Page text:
Consumer Credit Laws: The Basics
Understand the laws governing offers of credit and collection of debts from customers.
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If your business is dealing with credit, whether by seeking money or equipment on credit from commercial lenders or other businesses, or by extending credit to your customers, you should be familiar with the laws governing offers of credit and collection of debts. This article covers four of the most basic federal laws in these areas, most of which deal specifically with consumer, as opposed to business, credit. Individual states also have their own laws, which are not covered here.
The Truth in Lending Act
The Truth in Lending Act (TILA) covers advertising of, and disclosure of terms for, offers of credit specifically to consumers. More particularly, the Act will only apply to a lender when:
- the lender offers or extends credit to consumers
- the lender makes those offers on a regular basis
- the credit offered is subject to a finance charge or is payable by a written agreement in more than four installments; and
- the credit offered is primarily for personal, family, or household purposes.
Extensions of credit primarily for business or commercial purposes are not covered by the Act.
The credit that terms a lender covered by the Act must disclose include:
- annual percentage rates
- finance charges
- amount financed; and
- total number of payments the customer will make in paying off a debt.
A common example of a transaction covered by the Truth in Lending Act is a family’s purchase of a new car on credit. Under TILA, the car dealership would be required to disclose the terms listed above; the dealership would also be required to provide the buyers with a TIL Disclosure Statement, which would lay out those same terms in writing. If your business involves making this kind of big-ticket, credit-based sale to consumers, you definitely should be familiar with the Truth in Lending Act.
The Equal Credit Opportunity Act
The purpose of the Equal Credit Opportunity Act (ECOA) is to prevent creditors from discriminating against certain people or businesses when they make credit decisions. Under the Act, a lender cannot discriminate on the basis of:
- national origin
- marital status
- age; or
- the receiving of public assistance.
Under the ECOA, creditors are prohibited from asking credit applicants about being widowed or divorced, and they are limited in what questions they can ask about an applicant’s spouse. A creditor also cannot impose different terms on different people based on any of the listed factors. And, when considering a credit applicant’s income, a creditor cannot “discount” income because of the applicant’s sex, or because income comes from, for example, part-time employment or social security.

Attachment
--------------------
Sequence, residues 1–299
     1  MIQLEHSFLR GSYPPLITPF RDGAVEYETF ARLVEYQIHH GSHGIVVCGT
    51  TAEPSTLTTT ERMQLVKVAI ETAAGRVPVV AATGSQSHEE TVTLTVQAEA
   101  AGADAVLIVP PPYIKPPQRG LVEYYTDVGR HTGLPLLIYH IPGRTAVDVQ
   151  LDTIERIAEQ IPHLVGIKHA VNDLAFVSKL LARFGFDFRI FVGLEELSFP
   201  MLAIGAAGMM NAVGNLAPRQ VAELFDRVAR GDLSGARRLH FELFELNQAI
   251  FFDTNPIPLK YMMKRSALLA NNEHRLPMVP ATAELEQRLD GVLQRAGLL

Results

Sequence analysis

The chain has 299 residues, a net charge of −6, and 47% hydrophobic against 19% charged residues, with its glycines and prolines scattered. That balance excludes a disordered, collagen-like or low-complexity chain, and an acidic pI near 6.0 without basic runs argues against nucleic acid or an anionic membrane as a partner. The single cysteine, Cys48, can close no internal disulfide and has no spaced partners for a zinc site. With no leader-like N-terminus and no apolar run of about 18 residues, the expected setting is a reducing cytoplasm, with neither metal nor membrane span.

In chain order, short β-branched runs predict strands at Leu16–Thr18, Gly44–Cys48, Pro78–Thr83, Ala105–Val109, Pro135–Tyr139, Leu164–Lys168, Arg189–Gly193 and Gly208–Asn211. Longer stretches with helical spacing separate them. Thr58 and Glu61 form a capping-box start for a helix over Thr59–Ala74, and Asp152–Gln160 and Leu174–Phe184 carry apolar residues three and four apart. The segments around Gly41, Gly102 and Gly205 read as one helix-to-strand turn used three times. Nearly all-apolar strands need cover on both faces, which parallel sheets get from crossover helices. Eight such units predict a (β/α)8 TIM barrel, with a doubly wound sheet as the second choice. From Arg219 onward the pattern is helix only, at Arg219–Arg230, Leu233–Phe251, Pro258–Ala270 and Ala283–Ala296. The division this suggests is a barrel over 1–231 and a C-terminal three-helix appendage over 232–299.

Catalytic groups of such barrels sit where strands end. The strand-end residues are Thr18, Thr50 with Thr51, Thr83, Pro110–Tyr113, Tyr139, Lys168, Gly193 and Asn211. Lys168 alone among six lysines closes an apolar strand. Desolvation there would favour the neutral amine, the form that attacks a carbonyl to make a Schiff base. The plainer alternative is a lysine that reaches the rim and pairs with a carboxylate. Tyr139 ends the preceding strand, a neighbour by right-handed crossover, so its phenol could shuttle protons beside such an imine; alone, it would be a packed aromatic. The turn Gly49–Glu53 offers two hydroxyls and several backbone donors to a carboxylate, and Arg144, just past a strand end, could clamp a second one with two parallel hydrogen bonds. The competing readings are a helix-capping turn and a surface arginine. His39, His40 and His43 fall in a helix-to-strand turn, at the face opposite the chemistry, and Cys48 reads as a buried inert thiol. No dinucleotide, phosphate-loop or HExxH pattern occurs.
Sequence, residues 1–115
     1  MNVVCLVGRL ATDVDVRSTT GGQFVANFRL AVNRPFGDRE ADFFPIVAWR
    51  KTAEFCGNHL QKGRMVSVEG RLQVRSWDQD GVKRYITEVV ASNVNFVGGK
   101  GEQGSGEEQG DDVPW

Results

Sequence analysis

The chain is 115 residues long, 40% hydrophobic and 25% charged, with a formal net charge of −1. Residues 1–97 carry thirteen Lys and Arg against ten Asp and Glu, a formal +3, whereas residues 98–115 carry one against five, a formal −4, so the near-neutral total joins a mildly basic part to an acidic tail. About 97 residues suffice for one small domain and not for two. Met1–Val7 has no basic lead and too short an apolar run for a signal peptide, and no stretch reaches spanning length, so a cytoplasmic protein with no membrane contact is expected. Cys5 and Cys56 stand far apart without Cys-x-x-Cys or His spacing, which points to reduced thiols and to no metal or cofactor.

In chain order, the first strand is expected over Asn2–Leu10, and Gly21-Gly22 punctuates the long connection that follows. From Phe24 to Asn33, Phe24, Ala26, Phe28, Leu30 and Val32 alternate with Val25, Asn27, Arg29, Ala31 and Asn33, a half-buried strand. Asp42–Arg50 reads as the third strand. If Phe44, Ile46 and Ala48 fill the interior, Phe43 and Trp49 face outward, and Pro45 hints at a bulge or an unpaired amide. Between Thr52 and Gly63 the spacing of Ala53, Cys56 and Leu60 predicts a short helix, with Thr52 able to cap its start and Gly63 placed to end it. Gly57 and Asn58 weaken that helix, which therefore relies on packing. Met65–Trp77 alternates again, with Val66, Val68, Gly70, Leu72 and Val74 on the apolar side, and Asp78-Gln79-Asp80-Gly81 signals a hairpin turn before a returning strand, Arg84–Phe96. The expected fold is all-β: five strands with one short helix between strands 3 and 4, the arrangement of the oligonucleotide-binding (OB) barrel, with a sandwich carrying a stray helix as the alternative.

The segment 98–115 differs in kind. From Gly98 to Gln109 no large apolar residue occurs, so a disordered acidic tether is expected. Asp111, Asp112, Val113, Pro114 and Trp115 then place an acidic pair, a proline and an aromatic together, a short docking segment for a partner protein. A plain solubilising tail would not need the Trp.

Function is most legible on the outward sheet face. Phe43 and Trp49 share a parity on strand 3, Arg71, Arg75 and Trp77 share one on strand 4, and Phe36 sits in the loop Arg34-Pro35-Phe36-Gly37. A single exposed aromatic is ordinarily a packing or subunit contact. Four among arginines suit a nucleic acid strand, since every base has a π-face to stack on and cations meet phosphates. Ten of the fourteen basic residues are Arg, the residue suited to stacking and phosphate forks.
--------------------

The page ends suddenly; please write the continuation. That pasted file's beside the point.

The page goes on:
Under the ECOA, if an application for credit is denied, and the applicant requests an explanation within 60 days of being notified of the denial, the creditor must provide “specific reasons” for the rejection. According to the Federal Trade Commission (FTC), a creditor’s statement that “your income was too low” or “you haven’t been employed long enough” is sufficient; however, a statement such as “you didn’t meet our minimum standards” is not sufficient.
In contrast to other important federal credit laws, the ECOA, covers not only consumer credit transactions, but also business credit transactions, at least to the extent that the latter transactions involve business or commercial loans by financial institutions.
The Fair Credit Reporting Act
The Fair Credit Reporting Act (FCRA) provides consumers with certain rights related to credit reports. Specific rights include:
- the right to be informed if your credit report has been used against you, such as to deny you credit or employment; whoever takes the adverse action is required to give you contact information for the agency providing the report